Thanks, Posner. I never understood before just how tense it can make our public officials, when there’s a chance that somebody could actually document their wrong-doing. Clearly, allowing them to feel comfortable doing their jobs is far more important than ensuring that they perform their jobs effectively, legally, and carefully.

Androgynous Cowherd says:

Posner rebuttal

Posner’s examples of restrictions of free speech strike me as fairly questionable, in various different ways, as follows:

defamation law

Aka the Streisand Effect law. These days using it seems to be worse than useless. The best way to counter defamation seems to be with more speech. Maybe it always was.

copyright law

Color me radical, but I suspect we’d actually get on just fine without this.

trade secret law

And this.

and trademark law

And possibly this. See false advertising, below.

tort liability for wiretapping, other electronic eavesdropping,

The act of wiretapping is not speech, though the act of disclosing the results is. Wiretapping and other eavesdropping should still be regulated.

and publicly depicting a person in a ?false light?;

See defamation law, above.

laws criminalizing the publication of military secrets

This may be necessary, but I’d say it should be starkly limited:

1. Like present trade secrets, once there’s widespread knowledge proved among rival nation-states the secret status should be automatically lost.

2. Secrets relating to battle maneuvers or other things like that should only be enforced in wartime; and should have a short time limit on the secrecy. Once the secret battle plan has been used (or rendered moot) in battle, after all, the reason for keeping it secret no longer applies.

3. Secrets relating to capabilities and weapons systems should lose secrecy once these are widely known, per 1 above, or obsolete, unless they would if revealed enable small-scale actors to construct WMDs.

4. Likely nothing else should be eligible for military secrecy save a) battle plans and similar matter (and only during wartime; e.g. stuff analogous to the D-Day plans and landing sites) and b) the stuff in item 3 above.

and the dissemination of child pornography;

More controversial, but this should probably also not be criminal. The dissemination, in and of itself, harms no-one, and it’s increasingly possible to become guilty in that area inadvertently. Furthermore, criminalizing it encourages the concealment and destruction of evidence of much more serious crimes, even by people who come across such evidence without themselves having been involved in those crimes and who would not otherwise have a motive to do so.

conspiracy law (thus including much of antitrust law);

As I understand it, conspiracy law doesn’t prohibit speech per se. Rather it prohibits certain combinations of speech and action, since an action in furtherance of the conspiracy is required for guilt. So, much stronger free speech guarantees are not incompatible with conspiracy law.

prohibitions of criminal solicitation,

If this means soliciting criminal acts, e.g. paying someone to kill someone, that should be coverable under other laws, e.g. attempted murder.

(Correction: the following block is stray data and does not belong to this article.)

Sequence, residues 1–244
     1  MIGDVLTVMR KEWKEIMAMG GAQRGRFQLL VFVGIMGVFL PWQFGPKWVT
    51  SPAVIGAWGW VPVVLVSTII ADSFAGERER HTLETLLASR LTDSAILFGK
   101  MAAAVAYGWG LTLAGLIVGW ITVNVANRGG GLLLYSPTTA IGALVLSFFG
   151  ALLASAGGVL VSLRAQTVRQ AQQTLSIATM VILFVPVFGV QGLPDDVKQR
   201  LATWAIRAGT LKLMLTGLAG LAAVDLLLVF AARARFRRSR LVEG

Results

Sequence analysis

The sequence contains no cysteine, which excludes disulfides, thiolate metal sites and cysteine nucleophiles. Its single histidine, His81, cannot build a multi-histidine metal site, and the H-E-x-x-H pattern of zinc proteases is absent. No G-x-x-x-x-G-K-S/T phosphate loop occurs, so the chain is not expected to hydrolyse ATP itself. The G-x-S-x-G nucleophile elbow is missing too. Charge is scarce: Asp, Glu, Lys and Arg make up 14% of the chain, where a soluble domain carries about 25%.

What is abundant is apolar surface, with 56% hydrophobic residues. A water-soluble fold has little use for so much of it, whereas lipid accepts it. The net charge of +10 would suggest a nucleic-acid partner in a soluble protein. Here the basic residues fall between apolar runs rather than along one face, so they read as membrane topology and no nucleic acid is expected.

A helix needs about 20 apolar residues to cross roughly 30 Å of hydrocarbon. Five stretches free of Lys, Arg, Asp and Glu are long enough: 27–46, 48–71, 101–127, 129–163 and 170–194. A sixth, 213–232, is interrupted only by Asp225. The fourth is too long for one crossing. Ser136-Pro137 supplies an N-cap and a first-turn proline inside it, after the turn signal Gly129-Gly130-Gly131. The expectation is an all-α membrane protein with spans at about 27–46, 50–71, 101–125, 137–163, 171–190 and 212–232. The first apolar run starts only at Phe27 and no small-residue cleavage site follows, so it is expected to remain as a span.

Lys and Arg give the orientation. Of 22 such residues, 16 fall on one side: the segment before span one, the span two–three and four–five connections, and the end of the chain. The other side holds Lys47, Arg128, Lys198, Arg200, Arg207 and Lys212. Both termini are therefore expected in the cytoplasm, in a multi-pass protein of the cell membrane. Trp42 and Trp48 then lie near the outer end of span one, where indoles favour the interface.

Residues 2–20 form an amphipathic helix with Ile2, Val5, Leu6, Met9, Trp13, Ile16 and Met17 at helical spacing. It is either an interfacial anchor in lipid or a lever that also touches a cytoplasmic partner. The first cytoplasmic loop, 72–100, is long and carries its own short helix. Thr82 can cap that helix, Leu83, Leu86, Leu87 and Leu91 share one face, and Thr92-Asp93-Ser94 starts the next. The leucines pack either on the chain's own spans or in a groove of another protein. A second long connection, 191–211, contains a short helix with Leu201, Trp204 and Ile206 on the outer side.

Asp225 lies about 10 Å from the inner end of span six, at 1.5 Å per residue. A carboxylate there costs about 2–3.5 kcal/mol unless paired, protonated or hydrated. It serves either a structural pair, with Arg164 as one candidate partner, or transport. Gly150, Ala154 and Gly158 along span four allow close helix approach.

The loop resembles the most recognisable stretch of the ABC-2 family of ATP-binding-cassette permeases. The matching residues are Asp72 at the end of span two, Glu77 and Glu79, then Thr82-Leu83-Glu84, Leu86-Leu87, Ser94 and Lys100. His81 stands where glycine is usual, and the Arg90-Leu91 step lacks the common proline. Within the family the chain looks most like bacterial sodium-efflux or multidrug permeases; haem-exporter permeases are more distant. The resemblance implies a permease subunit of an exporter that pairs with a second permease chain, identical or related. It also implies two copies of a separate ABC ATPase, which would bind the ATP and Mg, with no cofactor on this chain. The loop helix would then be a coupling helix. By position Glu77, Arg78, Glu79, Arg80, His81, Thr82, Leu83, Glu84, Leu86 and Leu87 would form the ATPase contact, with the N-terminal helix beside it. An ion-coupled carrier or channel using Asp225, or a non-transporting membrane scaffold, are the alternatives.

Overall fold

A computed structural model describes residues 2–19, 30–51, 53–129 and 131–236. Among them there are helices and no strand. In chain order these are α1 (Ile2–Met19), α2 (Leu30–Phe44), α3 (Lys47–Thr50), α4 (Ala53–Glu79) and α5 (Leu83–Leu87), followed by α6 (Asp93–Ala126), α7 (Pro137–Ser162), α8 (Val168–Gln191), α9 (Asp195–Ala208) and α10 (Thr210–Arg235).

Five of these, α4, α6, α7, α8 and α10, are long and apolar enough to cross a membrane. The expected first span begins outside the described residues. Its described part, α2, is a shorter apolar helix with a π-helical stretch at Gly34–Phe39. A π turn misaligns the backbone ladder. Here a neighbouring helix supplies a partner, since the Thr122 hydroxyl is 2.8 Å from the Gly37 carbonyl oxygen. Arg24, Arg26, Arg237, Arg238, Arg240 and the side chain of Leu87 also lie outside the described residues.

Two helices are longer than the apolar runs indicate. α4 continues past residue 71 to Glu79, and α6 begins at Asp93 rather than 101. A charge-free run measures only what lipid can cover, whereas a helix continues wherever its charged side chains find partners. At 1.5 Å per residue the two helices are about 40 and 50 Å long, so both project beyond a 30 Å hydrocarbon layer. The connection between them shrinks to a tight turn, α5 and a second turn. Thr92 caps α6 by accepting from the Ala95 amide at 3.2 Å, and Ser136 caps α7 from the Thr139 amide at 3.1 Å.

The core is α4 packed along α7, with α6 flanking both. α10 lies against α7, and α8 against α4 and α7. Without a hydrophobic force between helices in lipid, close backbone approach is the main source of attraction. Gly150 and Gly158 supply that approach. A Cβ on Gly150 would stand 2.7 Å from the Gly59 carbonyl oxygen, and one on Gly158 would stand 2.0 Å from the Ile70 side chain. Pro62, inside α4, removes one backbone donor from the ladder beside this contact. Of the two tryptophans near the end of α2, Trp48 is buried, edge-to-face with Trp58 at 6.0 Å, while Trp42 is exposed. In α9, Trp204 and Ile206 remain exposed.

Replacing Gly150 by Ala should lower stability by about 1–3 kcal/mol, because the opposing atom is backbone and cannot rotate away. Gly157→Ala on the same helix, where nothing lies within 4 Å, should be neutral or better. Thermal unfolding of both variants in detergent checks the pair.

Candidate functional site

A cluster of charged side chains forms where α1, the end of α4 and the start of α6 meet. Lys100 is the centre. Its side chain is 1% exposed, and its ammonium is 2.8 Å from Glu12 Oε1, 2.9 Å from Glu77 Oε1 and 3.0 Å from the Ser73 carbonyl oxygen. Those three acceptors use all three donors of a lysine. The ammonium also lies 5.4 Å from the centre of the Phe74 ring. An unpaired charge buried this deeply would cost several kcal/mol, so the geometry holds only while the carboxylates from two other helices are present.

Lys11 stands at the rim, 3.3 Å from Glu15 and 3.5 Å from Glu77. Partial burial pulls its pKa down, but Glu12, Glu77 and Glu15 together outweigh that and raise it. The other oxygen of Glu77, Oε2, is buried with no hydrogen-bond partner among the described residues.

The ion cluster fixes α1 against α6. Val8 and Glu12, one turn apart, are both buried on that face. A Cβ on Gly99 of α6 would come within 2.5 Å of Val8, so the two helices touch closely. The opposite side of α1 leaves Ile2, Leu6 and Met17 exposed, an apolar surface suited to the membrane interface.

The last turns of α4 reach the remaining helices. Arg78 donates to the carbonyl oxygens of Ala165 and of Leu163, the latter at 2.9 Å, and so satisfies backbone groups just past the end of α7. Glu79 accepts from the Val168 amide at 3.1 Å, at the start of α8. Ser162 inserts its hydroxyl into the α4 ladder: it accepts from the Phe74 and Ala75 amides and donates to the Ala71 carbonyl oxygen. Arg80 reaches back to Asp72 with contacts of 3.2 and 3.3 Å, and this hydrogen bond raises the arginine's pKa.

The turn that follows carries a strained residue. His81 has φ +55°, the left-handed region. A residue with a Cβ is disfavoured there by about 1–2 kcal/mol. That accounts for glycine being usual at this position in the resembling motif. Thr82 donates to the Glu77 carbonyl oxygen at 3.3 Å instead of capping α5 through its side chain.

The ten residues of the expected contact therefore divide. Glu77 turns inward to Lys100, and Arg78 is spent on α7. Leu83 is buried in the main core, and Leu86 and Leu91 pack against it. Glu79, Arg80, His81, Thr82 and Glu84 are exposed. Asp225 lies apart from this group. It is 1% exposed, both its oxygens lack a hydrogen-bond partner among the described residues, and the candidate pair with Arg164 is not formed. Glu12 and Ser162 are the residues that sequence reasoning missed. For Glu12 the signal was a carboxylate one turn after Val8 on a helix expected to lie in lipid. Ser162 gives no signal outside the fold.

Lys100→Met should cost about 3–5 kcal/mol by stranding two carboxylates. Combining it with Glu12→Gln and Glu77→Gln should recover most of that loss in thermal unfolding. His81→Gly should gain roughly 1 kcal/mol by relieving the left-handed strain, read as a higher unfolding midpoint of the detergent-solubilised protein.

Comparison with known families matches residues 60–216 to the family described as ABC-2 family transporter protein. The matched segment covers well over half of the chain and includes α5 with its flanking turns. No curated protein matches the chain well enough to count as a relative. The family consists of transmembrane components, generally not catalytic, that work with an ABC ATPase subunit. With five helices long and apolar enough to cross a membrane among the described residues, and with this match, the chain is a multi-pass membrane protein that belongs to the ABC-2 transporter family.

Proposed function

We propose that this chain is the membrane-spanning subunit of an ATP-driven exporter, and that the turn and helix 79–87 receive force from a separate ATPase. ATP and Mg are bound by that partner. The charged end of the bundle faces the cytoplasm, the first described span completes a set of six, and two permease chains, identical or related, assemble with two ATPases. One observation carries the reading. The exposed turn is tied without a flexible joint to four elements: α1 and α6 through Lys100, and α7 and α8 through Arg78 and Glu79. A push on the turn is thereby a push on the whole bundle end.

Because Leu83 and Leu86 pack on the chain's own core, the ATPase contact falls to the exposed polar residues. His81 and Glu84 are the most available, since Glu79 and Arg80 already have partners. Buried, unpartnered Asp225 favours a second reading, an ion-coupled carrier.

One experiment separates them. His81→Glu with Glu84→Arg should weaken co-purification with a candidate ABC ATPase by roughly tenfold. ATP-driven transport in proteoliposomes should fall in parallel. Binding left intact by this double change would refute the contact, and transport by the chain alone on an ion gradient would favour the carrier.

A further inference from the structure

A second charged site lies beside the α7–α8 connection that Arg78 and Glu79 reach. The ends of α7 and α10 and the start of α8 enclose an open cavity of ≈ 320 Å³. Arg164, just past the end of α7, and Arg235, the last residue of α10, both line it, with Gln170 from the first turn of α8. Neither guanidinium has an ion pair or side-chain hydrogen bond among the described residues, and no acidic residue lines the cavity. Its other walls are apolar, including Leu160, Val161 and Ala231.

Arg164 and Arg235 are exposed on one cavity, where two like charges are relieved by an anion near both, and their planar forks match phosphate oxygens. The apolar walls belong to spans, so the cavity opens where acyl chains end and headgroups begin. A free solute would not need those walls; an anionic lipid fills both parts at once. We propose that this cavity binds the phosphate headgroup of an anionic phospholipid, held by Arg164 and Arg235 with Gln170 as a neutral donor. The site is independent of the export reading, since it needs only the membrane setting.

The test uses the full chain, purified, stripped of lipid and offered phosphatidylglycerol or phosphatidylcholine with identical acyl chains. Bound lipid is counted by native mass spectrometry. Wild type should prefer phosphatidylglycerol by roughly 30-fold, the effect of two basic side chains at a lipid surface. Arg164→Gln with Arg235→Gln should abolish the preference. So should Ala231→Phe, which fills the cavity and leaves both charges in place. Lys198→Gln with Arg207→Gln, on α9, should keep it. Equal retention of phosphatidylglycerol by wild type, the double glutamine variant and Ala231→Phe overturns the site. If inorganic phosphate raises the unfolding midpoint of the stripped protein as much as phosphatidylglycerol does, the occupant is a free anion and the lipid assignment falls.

threats and fighting words,

I’m not sure these should be prohibited. “Threats” are sometimes in jest. Fiction could be taken out of context. On the other hand, credible threats should remain grounds for closer scrutiny and possible intervention. For instance, the one who uttered the threat may be surveilled and if they try something jailed for assault or whatever. Or the one threatened can use it as grounds to obtain a restraining order, violation of which can again lead to the threatener being jailed.

securities fraud,

Like conspiracy law, this one requires more than just speech. It requires a financial transaction as well. For example, touting a stock after buying some at a low price, then selling when the price goes up. Touting a stock you have no financial interest in would be pure speech.

and false advertising of quack medical remedies;

False advertising in general seems to again be a problem specifically in combination with a transaction: the sale to a consumer confused or misled as to the origin, nature, efficacy, or whatever of the product. I’d suggest that a sale under such circumstances constitutes fraud, and that fraud law can be used in lieu of distinct false advertising law and also in lieu of trademark law. Passing off Bob’s Cola as Coca-Cola to a paying customer would simply constitute fraud.

the regulation of marches, parades, and other demonstrations whatever their objective;

Why should such things be regulated? If the activity is peaceful and nonobstructive there’s no legitimate need, if it’s violent there are existing laws against assault, and if it’s obstructing traffic or creating some other nuisance there are generally laws that cover that, such as city noise bylaws.

limitations on free speech in prisons;

Another one of questionable necessity. If you’re worried about prisoners communicating with confederates on the outside to operate criminal enterprises, it’s privacy of speech in prisons that is the problem, not freedom of speech in prisons. Disallow encryption products and monitor all communications, except for privileged lawyer-client ones.